BORN IN 1935 INNEW JERSEY, Hopkins' long and strange trip from his Quaker roots to Californian bohemia was set in motion by conflict rather than peaceniks.

"During the second world war, I would read the dispatches of [Pulitzer Prize-winning correspondent] Ernie Pyle. He covered Europe and then the Pacific. He died in the Pacific, in fact. I decided that was what I wanted to do when I grew up: travel the world, meet interesting people, write about them and get paid for it. I was aged nine then, and I've never wavered."

After university in Virginia, a graduate degree from Columbia University in New York, two years at a newspaper in New Orleans and a stint in the army in Georgia, Hopkins found himself back in the Big Apple.

"I worked as a writer-producer on a Mike Wallace show, but it never really got traction or an audience, so it got canned," he says. "Mike went on to much greater things at CBS, and I was asked if I wanted to go west to work for Steve Allen, who'd invented The Tonight Show. It was 1962. I was in a marriage that wasn't working. Hell, she had thrown me out and I was sleeping on a friend's couch, so I headed for LA.

"Steve needed somebody who could come up with an off-the-wall person, or an act, that he could bounce off for comedy effect, five nights a week. So I became his 'vice-president in charge of left-fielders'. I was Steve's 'kook-booker'. Some of the people were genuinely strange."

Finding eccentrics for the new Steve Allen Show proved easier than Hopkins had imagined, and he searched out zany nonconformists from the proto-hippies, "health weirdos" and other subcultures edging into the Californian mainstream in the 60s. One was a pre-fame Zappa.

"He called [in 1963] and told me he wanted to teach Steve 'musical bicycle'. I knew it was a put-on, and Steve had always insisted no put-ons, but Frank sounded interesting, so he came along. He played the spokes like a harp. He beat on the seat and blew at the handlebars. He would not admit it was a joke. Then, years later [in 1966], suddenly here comes Frank Zappa. He's got long hair and a funny Zapata moustache and a new album called Freak Out!"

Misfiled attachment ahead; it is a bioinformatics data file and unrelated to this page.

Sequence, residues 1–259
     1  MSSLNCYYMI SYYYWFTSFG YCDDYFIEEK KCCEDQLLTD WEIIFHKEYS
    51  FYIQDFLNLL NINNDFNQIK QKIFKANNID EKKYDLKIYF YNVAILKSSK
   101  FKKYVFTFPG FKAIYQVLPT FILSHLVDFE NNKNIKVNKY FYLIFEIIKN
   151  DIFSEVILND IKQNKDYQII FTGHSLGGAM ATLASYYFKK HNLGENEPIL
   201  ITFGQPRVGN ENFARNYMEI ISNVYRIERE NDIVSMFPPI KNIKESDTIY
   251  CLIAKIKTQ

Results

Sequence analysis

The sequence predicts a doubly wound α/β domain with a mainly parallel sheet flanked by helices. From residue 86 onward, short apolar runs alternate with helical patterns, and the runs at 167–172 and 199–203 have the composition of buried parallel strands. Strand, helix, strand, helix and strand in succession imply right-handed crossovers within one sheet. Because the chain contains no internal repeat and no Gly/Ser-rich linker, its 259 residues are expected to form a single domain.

Having become disillusioned with television, and later with the head shop suffering financially ("The big department stores started taking our business - if you wanted a poster of Peter Fonda, you could get it at the May Company"), Hopkins found himself at a loose end. But another golden opportunity would soon present itself to Jerry Gump.

"Back then, Rolling Stone was a twice-monthly newspaper, tabloid size," Hopkins says. "I'd seen a box in one of the early issues - we sold Rolling Stone in the store. They were soliciting for freelance submissions, so I sent in a review of a Doors concert. They printed it and sent me a cheque for US$15. I thought, 'This is terrific.'"

Hopkins became Rolling Stone's LA correspondent.

"That first article [about The Doors] was a little critical. I called Jim pretentious. He deliberately threw himself into the audience and I thought that was a little precious, but I really liked their lyrics and I really liked Morrison. We drank in the same bars and he would invite me to poetry readings and screenings and stuff."

Hopkins gleaned many personal insights into Morrison while covering the LA music scene, and film director Oliver Stone used Hopkins' interview notes, as well as No One Here Gets Out Alive, as the backbone to his 1991 biopic The Doors. The movie's release resulted in the biography bouncing back to the top of The New York Times best-seller list, this time to the No2 spot, but the writer is conflicted about Stone's cinematic portrayal.

"The look of the movie was bang on," Hopkins says. "It was like being whip-lashed into my past. Oliver had every-thing very accurate visually, which is interesting [considering that] 40 per cent of the screenplay turned out to be total fiction. It's true that Jim was a drunken asshole, but that wasn't all he was. He read more books and was more articulate than anyone else I've ever met in the entertainment world. He had a sense of humour about himself. He didn't take his stardom seriously. He was a poet. He was a lot of things that Oliver ignored."

According to the French police report on Morrison's death, the singer's girlfriend, Pamela Courson, found him dead in the bathtub of their Paris apartment on July 3, 1971, apparently having suffered a heart attack. Morrison was quickly buried in the French capital's Pere Lachaise Cemetery. Conspiracy theories regarding the exact circumstances have multiplied ever since.

"I get blamed for this," says Hopkins. "My original plan had been for two different final chapters [to No One Here Gets Out Alive]. One ending would have Jim overdosing on a combination of heroin and alcohol. [In the second version] he faked his death and, like his idol, the French poet Rimbaud, he wandered off to North Africa to gain the freedom that anonymity would give him. He was fed up with being a star.

"I suggested that if the publisher were to print 10,000 copies of the book, 5,000 should have one ending, and 5,000 the other. Distribute them and don't say anything, which I still think is an interesting concept. [The publisher] said that was too much trouble, and to put the two chapters together, end the book ambiguously, which I did. So now, many people say that book created the controversy over whether Morrison is dead or alive, and of how he died, and blah, blah, blah."